Drake Beats the Rap: U.S. Appeals Court Rules ‘Pound Cake’ Was Fair Use

Drake, the famous Canadian rapper, has won a significant legal victory in the United States Second Circuit Court of Appeals. The court ruled that Drake’s sampling of “Jimmy Smith Rap” in his song “Pound Cake/Paris Morton Music 2” constitutes fair use. This decision affirms what U.S. District Court Judge William H. Pauley III had already determined in the past.

Although the track was sampled without prior consent, the changes Drake made were enough to qualify for fair use. Specifically, the Appeals Court found that “Jimmy Smith Rap” was used in a “transformative” sense, and that its meaning was fundamentally altered, so much so that it couldn’t reasonably be mistaken as a knockoff of the original.

The Court went on to explain that the message of the “Jimmy Smith Rap” is one about the supremacy of jazz to the derogation of other types of music, which, unlike jazz, will not last. On the other hand, “Pound Cake” sends a counter message – that it is not jazz music that reigns supreme, but rather all “real music,” regardless of genre. This transformative message, as well as the lack of evidence that “Pound Cake” usurps demand for “Jimmy Smith Rap” or otherwise causes a negative market effect, was enough for the court to confirm the fair use of the sample.

In the Court’s view, copyright infringement involves one knowingly using a portion of another’s protected work to secure a larger share of the same audience. Drake’s track wasn’t intended to reach the same audience as Jimmy Smith’s work, which further cemented the fair use ruling.

This definition of copyright infringement established by Drake’s case appears to differ greatly from the definition assigned by other courts. For instance, Katy Perry is in the process of appealing a $2.8 million copyright infringement verdict that was issued last year. Perry’s “Dark Horse” appears to bear few similarities to the allegedly infringed work, but the jury believed otherwise.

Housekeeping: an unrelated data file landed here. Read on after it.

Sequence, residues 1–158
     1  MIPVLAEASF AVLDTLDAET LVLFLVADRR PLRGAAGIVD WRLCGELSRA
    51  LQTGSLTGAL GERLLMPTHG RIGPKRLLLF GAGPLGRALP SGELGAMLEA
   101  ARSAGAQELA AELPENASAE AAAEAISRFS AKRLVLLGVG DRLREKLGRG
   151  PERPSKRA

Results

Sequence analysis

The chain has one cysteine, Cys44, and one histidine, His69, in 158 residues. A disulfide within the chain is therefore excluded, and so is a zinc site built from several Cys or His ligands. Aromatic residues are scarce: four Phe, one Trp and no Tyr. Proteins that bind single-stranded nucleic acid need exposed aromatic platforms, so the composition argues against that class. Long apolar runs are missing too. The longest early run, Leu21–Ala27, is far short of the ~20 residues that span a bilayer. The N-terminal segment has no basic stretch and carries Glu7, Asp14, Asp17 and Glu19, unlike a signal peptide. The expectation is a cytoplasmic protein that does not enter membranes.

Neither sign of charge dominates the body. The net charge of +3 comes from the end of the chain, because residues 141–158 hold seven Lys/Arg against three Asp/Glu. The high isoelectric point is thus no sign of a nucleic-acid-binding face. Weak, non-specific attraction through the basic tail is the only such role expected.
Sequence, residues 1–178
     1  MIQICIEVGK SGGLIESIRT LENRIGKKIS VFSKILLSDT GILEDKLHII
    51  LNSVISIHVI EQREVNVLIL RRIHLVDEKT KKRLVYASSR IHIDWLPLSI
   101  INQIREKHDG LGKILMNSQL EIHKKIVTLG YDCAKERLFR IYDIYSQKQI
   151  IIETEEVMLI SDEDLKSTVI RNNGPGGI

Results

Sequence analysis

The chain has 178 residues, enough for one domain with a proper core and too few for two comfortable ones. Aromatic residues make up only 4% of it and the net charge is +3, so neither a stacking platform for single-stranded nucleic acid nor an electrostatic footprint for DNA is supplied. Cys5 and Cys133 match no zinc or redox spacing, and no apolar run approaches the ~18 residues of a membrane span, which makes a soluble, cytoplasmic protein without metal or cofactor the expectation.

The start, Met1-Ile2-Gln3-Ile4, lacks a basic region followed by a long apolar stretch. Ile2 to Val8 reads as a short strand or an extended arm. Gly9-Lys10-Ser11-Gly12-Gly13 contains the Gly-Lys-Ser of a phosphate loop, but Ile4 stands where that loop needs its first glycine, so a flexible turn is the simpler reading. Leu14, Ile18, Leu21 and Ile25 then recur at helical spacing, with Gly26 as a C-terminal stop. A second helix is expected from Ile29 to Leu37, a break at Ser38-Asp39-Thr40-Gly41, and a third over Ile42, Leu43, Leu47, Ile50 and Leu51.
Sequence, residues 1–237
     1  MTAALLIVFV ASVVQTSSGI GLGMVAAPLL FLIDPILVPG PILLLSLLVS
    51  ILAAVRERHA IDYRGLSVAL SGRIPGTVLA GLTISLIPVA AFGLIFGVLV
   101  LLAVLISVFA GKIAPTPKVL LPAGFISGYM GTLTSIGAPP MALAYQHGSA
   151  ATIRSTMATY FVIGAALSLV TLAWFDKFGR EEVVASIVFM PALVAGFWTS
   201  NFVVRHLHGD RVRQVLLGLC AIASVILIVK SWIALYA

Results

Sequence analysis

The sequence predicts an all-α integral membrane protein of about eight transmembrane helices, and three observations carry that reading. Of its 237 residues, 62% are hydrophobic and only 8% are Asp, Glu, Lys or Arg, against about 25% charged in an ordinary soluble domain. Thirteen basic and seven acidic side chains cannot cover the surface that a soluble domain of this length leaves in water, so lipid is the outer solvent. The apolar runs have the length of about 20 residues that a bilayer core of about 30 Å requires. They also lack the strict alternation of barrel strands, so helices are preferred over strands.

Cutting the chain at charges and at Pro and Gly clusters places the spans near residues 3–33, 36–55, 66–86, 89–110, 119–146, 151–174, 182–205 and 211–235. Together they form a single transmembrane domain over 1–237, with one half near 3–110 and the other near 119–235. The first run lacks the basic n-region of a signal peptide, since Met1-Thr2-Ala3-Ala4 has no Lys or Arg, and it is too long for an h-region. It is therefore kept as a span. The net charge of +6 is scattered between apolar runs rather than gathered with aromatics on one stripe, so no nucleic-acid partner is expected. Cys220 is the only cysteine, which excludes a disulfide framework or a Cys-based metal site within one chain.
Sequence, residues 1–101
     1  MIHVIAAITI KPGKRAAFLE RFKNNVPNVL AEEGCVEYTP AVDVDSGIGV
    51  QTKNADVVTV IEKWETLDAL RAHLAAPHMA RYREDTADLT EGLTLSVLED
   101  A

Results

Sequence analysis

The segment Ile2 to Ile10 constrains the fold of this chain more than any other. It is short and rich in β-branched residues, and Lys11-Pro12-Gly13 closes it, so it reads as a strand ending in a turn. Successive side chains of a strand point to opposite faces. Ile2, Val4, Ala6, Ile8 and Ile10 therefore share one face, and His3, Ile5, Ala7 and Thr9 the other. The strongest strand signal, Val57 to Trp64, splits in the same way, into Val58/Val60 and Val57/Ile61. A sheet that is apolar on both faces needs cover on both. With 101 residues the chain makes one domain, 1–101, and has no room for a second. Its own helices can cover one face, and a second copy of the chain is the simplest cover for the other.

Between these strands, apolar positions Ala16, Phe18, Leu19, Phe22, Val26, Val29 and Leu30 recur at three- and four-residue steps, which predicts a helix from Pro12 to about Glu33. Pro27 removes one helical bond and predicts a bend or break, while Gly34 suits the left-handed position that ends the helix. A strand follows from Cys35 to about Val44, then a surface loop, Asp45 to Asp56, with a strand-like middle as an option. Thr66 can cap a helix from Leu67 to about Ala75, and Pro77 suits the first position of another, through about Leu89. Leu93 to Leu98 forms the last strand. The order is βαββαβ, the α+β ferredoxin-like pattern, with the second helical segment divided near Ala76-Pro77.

Despite the legal battles, Drake continues to make music and grow his career. He dropped a video for his song “War” in December of 2019, which received critical acclaim and went viral. Drake is also a producer and actor, having revived the British TV show “Top Boy” last year. An additional season is in the works and is expected to be released in 2020.

Drake’s fair use victory is significant not only for the rapper himself but also for the music industry as a whole. The decision sets a precedent for future cases involving the sampling of copyrighted works and could make it easier for artists to use samples in their music without fear of legal repercussions. It also highlights the importance of transformative use when it comes to fair use, emphasizing that changes made to an original work can make all the difference in determining whether or not a sample is fair use.

Overall, Drake’s legal battle and victory have shed light on the complexities of copyright law and the importance of fair use in creative industries. As Drake continues to make music and push boundaries in his career, his fair use victory will undoubtedly be remembered as a significant moment in the evolution of copyright law.

One Response

  1. Angelito

    Fair use is by nature a subjective test. One judge may say it applies and the next says no.

    The problem I have is that the song says popularity is the measure of quality. It is not.